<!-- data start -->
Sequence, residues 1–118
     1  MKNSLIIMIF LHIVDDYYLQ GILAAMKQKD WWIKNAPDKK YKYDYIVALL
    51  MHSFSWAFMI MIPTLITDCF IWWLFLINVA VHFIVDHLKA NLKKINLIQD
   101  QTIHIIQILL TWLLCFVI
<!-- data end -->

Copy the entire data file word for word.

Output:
Sequence, residues 1–118
     1  MKNSLIIMIF LHIVDDYYLQ GILAAMKQKD WWIKNAPDKK YKYDYIVALL
    51  MHSFSWAFMI MIPTLITDCF IWWLFLINVA VHFIVDHLKA NLKKINLIQD
   101  QTIHIIQILL TWLLCFVI